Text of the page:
The Sydney Morning Herald and Fairfax Online
By Tom Switzer
The Obama phenomenon has imploded. Expectations were absurdly high five years ago, when Barack Obama was inaugurated 44th president of the United States. Today, however, Americans are bemused by how it all went wrong. The Economist reflected the conventional wisdom a few weeks ago in its cover story with an image of Obama sinking. The headline: "The man who used to walk on water."
The US economy remains sluggish; the national debt is breathtakingly high and the vacillation and ineptitude over Syria has damaged US credibility and prestige. And Obama's signature policy, the Affordable Care Act, otherwise known as "Obamacare", is turning into his own carbon tax at home. The President's approval ratings have crashed to below 40 per cent, his lowest ever, and a majority of people think he is untrustworthy. It was not supposed to be like this, but the fact that it is calls for some explanation.
Left-liberals and Democrats blame Tea Party ideologues for obstructing Obama's agenda. But although several conservative legislators have overreached in the budget negotiations that culminated in last October's government shutdown, Republicans control only half of one branch of government. They cannot be blamed for Obama's big spending and interventionist policies, which have made the US a more regulated society, stifling initiative and discouraging work.
Meanwhile, conservatives and Republicans blame Obama's lurch to the left in a centre-right nation. But he was comfortably re-elected on a liberal platform in 2012, and demographic trends indicate that public attitudes are becoming more progressive — from abortion and gay marriage to immigration and a non-interventionist foreign policy.
Moreover, the right-wing criticism fails to put Obama's presidency in the context of his predecessor's legacy. I was a registered Republican in the 1990s when I worked in Washington. But I have no brief for George W. Bush. His reputation is tainted by two costly wars, big spending policies and the Federal Reserve's housing and mortgage mania, which led to soaring debt, budget deficit and the financial contagion. Obama inherited that record, which handicapped his presidency from the outset.
A more persuasive explanation for the US's angst might be found elsewhere. This is that the backlash against Washington has less to do with ideological overreach of either Obama or his opponents and more to do with a crisis of confidence that stems from expectations about America's future that no president or Congress can meet.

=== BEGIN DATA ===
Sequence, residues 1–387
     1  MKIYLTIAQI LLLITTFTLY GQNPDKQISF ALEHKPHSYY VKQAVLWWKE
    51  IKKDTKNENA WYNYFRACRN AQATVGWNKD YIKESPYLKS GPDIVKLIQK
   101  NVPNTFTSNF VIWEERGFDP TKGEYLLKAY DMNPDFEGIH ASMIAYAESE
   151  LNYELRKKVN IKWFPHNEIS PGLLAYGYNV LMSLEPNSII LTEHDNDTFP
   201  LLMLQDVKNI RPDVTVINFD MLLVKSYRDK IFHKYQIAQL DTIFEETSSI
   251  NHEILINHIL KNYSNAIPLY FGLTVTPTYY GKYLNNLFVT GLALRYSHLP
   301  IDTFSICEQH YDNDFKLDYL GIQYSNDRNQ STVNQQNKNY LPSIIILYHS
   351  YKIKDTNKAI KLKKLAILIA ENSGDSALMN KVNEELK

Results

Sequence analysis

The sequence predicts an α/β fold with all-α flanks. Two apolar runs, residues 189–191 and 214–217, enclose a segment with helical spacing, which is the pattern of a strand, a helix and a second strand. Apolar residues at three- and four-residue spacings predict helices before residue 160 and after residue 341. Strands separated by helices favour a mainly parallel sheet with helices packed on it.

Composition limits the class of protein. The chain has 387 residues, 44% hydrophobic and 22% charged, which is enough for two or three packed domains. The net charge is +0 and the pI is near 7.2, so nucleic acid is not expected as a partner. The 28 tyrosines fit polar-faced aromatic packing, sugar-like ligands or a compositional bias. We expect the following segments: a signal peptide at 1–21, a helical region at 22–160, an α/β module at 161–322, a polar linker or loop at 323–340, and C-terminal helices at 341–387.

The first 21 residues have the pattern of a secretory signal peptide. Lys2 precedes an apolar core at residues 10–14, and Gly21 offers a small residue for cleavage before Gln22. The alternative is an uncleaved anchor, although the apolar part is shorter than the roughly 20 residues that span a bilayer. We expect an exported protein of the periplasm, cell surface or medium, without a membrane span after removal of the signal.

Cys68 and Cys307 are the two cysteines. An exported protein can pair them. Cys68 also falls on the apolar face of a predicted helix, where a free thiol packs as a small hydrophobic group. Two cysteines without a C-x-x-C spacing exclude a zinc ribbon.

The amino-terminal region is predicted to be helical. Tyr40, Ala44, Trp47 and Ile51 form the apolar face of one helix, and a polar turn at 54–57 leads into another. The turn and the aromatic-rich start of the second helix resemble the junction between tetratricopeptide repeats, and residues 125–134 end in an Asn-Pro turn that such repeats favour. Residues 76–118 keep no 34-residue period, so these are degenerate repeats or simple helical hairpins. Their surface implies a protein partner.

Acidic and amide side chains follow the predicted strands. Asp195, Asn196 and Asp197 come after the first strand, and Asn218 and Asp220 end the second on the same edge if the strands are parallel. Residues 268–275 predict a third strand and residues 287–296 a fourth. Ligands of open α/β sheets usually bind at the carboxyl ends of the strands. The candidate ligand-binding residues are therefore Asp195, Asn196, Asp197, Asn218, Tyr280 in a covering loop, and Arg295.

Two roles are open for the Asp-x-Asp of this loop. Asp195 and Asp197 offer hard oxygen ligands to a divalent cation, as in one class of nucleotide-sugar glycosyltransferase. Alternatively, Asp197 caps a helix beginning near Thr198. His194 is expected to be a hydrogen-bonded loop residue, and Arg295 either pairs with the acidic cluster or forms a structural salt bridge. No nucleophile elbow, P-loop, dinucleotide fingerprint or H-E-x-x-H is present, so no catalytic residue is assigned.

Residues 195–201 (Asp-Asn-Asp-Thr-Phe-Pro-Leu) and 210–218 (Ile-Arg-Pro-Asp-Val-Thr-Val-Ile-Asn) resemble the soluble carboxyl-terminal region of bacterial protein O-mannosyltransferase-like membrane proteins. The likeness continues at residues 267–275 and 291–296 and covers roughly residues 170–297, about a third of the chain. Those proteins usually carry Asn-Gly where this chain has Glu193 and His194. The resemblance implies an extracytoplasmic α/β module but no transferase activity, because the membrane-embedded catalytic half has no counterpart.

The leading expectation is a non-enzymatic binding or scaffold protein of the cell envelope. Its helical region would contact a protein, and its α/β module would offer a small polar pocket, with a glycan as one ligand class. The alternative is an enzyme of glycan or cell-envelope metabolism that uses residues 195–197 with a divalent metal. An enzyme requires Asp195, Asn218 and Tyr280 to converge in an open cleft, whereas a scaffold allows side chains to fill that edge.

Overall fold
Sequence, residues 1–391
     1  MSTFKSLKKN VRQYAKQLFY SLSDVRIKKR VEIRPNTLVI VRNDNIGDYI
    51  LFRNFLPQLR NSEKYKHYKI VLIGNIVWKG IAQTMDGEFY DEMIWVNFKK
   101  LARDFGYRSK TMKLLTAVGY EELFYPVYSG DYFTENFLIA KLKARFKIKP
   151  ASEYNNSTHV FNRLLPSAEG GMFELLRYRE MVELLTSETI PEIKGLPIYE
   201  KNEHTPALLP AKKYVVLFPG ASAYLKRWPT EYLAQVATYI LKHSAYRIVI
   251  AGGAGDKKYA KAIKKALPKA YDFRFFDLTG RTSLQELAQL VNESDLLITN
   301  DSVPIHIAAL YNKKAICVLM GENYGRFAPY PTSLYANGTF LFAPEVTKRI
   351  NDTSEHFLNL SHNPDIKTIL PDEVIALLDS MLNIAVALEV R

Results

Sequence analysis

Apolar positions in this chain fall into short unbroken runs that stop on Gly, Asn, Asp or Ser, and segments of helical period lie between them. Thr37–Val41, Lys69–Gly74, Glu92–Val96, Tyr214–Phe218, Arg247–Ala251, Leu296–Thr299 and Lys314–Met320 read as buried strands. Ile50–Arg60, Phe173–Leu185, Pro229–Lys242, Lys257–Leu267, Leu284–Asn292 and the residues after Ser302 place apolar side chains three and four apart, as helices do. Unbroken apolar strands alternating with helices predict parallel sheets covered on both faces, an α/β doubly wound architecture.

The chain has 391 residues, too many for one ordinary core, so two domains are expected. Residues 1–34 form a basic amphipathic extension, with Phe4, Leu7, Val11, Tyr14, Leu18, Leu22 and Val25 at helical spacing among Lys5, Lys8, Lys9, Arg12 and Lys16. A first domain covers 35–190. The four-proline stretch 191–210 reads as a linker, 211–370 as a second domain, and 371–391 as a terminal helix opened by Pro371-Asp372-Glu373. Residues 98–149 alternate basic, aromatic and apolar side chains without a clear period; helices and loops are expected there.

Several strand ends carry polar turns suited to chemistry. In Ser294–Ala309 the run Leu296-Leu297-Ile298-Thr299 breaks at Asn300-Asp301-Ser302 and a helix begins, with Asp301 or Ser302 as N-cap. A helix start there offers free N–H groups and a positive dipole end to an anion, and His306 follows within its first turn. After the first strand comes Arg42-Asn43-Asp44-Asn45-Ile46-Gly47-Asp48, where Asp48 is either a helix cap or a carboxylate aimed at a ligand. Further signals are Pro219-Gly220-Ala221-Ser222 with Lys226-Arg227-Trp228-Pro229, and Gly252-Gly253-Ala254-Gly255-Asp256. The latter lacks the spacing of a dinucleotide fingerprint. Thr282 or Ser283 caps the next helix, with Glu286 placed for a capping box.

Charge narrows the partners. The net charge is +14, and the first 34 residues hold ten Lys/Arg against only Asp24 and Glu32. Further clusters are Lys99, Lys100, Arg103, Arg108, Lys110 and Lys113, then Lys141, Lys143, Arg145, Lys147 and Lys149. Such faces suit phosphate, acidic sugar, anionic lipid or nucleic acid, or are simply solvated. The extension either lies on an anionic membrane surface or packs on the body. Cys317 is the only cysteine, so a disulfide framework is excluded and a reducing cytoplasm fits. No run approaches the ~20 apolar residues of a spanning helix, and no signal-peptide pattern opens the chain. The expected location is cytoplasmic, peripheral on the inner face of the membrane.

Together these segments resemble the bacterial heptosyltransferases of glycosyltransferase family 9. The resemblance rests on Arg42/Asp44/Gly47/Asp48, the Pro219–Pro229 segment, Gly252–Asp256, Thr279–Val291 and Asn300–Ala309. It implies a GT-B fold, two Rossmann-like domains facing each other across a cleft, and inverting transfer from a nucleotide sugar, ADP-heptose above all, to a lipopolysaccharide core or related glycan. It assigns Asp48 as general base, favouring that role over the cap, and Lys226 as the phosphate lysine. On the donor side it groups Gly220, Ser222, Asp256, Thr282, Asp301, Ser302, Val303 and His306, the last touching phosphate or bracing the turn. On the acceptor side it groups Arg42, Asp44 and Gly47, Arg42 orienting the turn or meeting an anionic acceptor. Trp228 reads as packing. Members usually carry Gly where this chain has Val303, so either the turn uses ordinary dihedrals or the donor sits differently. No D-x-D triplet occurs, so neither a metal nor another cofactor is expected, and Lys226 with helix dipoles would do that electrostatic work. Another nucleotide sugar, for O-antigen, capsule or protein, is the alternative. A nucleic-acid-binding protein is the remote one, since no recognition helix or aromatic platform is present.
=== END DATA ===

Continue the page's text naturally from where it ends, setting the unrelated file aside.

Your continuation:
For generations, Americans believed their nation had a special mission to regenerate the world in its own image of democracy.
This vision was echoed in the idea of the ''American century'', which shaped the national consciousness in the post-war era, when the US enjoyed an almost absolute supremacy in world affairs. The collapse of Soviet communism and end of the Cold War reinforced the perception of US exceptionalism.
But a concatenation of events and circumstances from recent times — Iraq, Afghanistan, political scandals, deficits, debt, sub-prime mortgage crisis, diminishing net wealth, the decline of US global pre-eminence and the rise of a more pluralistic world (especially China's economic success and influence) — has undermined the confidence of the sole remaining superpower. Many Americans are in an increasingly foul mood: polls consistently detect a widespread sense that the nation is heading in the wrong direction.
In 2008–09, Obama's clarity of purpose was motivated by a nostalgia for the national mission. And just as Americans had endorsed Bush's crusading war on terrorism after September 11, 2001, they embraced Obama's optimistic vision of change and renewal. But in the five years since, he too has failed to meet the expectations the public, the media and he himself set. The US will remain the world's most powerful nation for the next generation or longer. But it will not enjoy the kind of global supremacy it held in the aftermath of World War II. Nor is it likely to command the unrivalled power and prestige that accompanied the so-called unipolar moment of the early 1990s.
The danger of US exceptionalism is that it discourages compromise and flexibility, and encourages a sense of omnipotence.
If US leaders do not prepare the nation to come to grips with a sense of limits abroad, and reorder priorities in favour of domestic affairs, they risk leaving themselves open to sad surprise in an era where not every option is available and resources are not unlimited. Despair and frustration could continue to aggravate political sensitivities. To the extent that this is true, Obama's problems are a symptom of America's crisis of confidence, not its cause.
This article was originally published at the Sydney Morning Herald and Fairfax Online